• EWAD UK

World Suicide Prevention Day 2021

Updated: Sep 28, 2021

It is reported that One in every 100 deaths worldwide is the result of suicide. It is the fourth leading cause of death in 15-29-year-olds. Suicide knows no class and 77% of global suicides occurs in low- and middle-income countries. The global suicide rate is over twice as high among men than women and over half (58%) of all deaths by suicide occur before the age of 50 years old.

Suicide can affect everyone. Each and every suicide is devastating and has a profound impact on loved ones. However, by raising awareness, reducing the stigma around suicide and encouraging well-informed action, we can reduce instances of suicide around the world.



World Suicide Prevention Day is an opportunity to raise awareness of suicide and to promote action through proven means that will reduce the number of suicides and suicide attempts globally.


While the link between suicide and mental disorders (in particular, depression and alcohol use disorders) is well established in high-income countries, many suicides happen impulsively in moments of crisis with a breakdown in the ability to deal with life stresses, such as financial problems, relationship break-up, loss of a loved one, loss of a job or chronic pain and illness.


What does it mean to be suicidal?


Suicidal feelings can be confusing, frightening and complicated. They can range from having general thoughts about not wanting to be here to making a plan about how and when you could end your life. You might feel less like you want to die, and more that you want the pain to stop.


You might feel:

  • hopeless or trapped

  • tearful, anxious or overwhelmed by negative thoughts

  • desperate

  • tempted to do risky or reckless things because you don’t care what happens to you

  • like you want to avoid other people




What can make someone want to end their life?


Suicide is complex and there is no single explanation of why people die by suicide. There are many different risk factors, including: previous suicide attempts, or previous self harm. Many people who self-harm do not want to die. However, research shows that people who self-harm are at higher risk of attempting or dying by suicide


  • being unemployed

  • having a physical health problem, including chronic pain

  • living alone

  • being dependent on alcohol or drugs

  • having mental health problems.


So look again at the list above, do you know anyone who falls into the above category? When last did you check on them?


HOW TO OFFER HELP


Suicide is a serious public health problem; however, suicides are preventable with timely, evidence-based and often low-cost interventions.


It is common knowledge that with the use of so many mobile devices, one to one interaction is becoming history and we are no longer aware of changes in the action or inactions of those close to us or around us. With the growing crisis in the world not to mention the ongoing COVID19 situation, we need one another more than ever before. Simple actions can help support someone who is suicidal or recovering from an attempt to take their life.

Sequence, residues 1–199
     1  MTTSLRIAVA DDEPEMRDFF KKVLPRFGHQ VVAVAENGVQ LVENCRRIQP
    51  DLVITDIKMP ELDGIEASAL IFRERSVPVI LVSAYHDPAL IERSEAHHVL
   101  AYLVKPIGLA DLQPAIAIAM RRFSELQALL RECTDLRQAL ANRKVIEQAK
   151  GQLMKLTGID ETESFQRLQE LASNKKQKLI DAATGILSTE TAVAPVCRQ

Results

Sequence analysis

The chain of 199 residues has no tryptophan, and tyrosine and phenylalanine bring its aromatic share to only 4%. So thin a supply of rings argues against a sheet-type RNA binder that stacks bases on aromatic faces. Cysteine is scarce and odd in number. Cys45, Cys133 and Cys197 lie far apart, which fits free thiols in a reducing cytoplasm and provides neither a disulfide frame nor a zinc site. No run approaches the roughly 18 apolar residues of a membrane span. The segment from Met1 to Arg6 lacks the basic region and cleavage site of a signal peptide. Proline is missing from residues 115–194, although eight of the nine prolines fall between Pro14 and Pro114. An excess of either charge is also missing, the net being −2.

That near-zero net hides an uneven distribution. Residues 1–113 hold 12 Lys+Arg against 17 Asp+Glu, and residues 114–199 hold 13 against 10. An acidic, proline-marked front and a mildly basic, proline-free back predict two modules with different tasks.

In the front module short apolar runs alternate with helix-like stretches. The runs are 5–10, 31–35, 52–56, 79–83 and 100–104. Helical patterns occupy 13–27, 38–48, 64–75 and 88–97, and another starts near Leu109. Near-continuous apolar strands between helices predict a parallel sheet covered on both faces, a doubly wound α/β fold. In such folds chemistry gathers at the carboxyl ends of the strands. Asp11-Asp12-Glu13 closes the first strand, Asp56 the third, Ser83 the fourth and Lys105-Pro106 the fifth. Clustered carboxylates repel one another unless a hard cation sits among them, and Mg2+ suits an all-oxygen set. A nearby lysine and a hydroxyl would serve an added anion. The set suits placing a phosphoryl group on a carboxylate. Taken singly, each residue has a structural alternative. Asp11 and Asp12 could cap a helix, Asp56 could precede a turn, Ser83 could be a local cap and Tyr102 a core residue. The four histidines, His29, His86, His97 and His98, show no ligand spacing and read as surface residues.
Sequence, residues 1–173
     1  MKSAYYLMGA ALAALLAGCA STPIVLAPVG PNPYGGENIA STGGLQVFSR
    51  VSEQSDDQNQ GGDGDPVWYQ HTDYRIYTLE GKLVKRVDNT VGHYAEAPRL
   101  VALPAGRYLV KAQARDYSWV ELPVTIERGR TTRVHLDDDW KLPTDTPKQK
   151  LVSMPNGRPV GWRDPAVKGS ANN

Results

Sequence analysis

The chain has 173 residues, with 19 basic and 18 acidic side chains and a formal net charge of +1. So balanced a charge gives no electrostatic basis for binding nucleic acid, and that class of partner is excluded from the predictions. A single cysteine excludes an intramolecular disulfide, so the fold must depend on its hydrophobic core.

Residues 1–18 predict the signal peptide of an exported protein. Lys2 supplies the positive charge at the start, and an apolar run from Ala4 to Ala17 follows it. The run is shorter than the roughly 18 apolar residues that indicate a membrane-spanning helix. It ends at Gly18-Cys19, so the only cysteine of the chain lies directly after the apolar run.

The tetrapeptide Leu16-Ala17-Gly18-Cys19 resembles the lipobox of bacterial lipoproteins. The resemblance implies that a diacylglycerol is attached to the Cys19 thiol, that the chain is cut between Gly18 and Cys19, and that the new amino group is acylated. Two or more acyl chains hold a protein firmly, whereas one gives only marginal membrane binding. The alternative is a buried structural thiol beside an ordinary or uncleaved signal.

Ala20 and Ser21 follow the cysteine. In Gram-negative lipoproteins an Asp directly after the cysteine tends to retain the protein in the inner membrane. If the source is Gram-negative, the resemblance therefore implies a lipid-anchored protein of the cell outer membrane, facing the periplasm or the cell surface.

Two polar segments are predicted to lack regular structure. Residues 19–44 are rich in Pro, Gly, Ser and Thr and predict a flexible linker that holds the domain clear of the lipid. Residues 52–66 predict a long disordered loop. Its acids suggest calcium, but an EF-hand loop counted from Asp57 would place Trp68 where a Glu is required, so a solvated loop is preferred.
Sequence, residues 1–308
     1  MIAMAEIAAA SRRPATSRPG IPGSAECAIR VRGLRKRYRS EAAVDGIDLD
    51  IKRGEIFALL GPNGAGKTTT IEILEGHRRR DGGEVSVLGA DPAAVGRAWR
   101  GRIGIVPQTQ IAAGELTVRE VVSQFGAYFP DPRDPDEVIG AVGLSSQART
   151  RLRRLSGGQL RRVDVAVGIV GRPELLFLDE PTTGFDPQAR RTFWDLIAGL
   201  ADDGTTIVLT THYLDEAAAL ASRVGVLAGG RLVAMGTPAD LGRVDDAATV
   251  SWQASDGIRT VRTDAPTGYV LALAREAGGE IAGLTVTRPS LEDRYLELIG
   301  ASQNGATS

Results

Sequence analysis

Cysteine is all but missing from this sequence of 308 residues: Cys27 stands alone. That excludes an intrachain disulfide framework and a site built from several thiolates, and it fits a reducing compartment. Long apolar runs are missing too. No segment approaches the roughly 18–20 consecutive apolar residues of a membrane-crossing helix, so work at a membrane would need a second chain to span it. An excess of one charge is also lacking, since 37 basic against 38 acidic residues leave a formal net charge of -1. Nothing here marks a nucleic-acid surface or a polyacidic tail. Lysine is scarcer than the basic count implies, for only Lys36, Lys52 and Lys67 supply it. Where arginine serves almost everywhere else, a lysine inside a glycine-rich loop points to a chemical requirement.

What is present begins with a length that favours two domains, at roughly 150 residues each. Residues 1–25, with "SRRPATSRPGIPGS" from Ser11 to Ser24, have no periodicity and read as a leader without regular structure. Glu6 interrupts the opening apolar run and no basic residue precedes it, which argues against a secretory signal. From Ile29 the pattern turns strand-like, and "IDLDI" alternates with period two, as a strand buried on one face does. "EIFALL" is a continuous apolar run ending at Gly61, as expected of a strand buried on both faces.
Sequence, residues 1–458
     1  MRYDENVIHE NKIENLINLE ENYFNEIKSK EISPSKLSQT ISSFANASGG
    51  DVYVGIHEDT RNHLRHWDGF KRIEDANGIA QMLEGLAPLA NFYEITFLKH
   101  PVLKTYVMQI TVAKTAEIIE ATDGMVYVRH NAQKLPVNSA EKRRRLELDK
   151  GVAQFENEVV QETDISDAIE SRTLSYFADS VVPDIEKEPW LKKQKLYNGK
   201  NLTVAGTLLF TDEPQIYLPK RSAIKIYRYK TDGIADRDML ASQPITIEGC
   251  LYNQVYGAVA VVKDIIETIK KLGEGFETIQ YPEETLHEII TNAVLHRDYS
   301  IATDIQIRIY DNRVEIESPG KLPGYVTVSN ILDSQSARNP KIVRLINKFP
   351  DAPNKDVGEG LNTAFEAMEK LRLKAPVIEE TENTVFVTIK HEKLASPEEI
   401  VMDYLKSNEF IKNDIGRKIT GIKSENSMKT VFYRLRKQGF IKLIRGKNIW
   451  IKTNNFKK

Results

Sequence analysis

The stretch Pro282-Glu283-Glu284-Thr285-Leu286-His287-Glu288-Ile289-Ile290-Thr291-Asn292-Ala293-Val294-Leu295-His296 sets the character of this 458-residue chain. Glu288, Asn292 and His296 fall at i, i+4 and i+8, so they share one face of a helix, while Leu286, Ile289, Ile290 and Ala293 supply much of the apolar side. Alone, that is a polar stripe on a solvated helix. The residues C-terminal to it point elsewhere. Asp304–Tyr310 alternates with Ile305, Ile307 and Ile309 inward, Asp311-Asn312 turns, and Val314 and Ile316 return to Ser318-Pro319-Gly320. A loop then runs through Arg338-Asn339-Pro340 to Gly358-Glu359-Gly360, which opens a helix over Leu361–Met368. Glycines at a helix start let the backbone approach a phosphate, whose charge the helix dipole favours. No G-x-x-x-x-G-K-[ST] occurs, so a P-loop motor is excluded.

Just asking someone if they’re suicidal can help. Asking directly about suicide gives someone permission to open up and lets them know they’re not a burden. If someone feels suicidal, it can be a huge relief to talk about how they feel, this may be the first step in recovery.


If a friend or someone does share their suicidal feelings with you, it’s usually best to listen (don’t be judgemental either in words or by facial expression! Try to respond with open questions, rather than advice or opinions. You don’t have to solve their problems: just offer support and encourage them to talk, if you can. Please give your undivided attention and intentionally get rid of any distractions. Remember, this is a precious life you may be able to help turn around.


It can feel difficult to start this conversation but start with everyday events like the weather. There are limits to the support you can provide as a friend and you need to take care of yourself. Give yourself time to rest and process what they’ve told you or what’s happened. It’s ok to decide you can’t help someone or need to step back for a while. Try to help them create a support network of other friends, relatives and mental health professionals who can help them too.




Your friend may also need help with practical things, such as calling their GP, contacting family and friends, or simply watching TV with them or doing an activity together. You could also help them make a safety plan when they feel able to. In a crisis, this can help them remember ways to cope and people to contact.


It’s important to know when to get professional support for someone you’re supporting. You could suggest they contact one of the organisations listed below if living in the UK.


  • Samaritans offers a 24 hour a day, 7 days a week support service. Call them free on 116 123. You can also email jo@samaritans.org. Samaritans has practical tips on dealing with suicidal feelings.

  • CALM (Campaign Against Living Miserably) has a helpline (5pm – midnight) and webchat for anyone who’s having a tough time and needs to talk.

  • Papyrus supports people under 35 who have thoughts of suicide and others who are concerned about them. You can call their HOPELINEUK on 0800 068 4141, text 07860 039967 or email pat@papyrus-uk.org. They’re open every day from 9am to midnight.

  • Maytree offers free residential stays in London for people who are feeling suicidal.

  • Support After Suicide offers practical and emotional support for people bereaved or affected by suicide.


Author

Mrs Elizabeth Umoke

Chair of EWAD UK


References

Small Talk Saves Lives | Campaigns | Samaritans

Crisis care | Mental Health Foundation

WSPD2021 - IASP

Suicide (who.int)

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